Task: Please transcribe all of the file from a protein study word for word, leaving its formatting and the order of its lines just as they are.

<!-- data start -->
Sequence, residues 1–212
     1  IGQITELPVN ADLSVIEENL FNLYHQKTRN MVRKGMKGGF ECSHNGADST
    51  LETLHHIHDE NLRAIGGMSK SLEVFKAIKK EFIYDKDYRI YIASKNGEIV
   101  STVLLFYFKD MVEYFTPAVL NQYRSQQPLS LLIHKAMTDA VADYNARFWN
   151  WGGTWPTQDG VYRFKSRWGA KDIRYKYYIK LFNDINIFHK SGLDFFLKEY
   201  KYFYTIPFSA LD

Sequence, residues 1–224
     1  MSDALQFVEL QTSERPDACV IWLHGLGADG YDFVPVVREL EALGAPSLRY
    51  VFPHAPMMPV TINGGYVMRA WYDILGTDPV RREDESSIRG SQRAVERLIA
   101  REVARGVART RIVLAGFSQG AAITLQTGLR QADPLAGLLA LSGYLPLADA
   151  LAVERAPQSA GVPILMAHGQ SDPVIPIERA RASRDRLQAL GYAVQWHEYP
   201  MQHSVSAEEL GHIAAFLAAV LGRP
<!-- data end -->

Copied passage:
Sequence, residues 1–212
     1  IGQITELPVN ADLSVIEENL FNLYHQKTRN MVRKGMKGGF ECSHNGADST
    51  LETLHHIHDE NLRAIGGMSK SLEVFKAIKK EFIYDKDYRI YIASKNGEIV
   101  STVLLFYFKD MVEYFTPAVL NQYRSQQPLS LLIHKAMTDA VADYNARFWN
   151  WGGTWPTQDG VYRFKSRWGA KDIRYKYYIK LFNDINIFHK SGLDFFLKEY
   201  KYFYTIPFSA LD

Sequence, residues 1–224
     1  MSDALQFVEL QTSERPDACV IWLHGLGADG YDFVPVVREL EALGAPSLRY
    51  VFPHAPMMPV TINGGYVMRA WYDILGTDPV RREDESSIRG SQRAVERLIA
   101  REVARGVART RIVLAGFSQG AAITLQTGLR QADPLAGLLA LSGYLPLADA
   151  LAVERAPQSA GVPILMAHGQ SDPVIPIERA RASRDRLQAL GYAVQWHEYP
   201  MQHSVSAEEL GHIAAFLAAV LGRP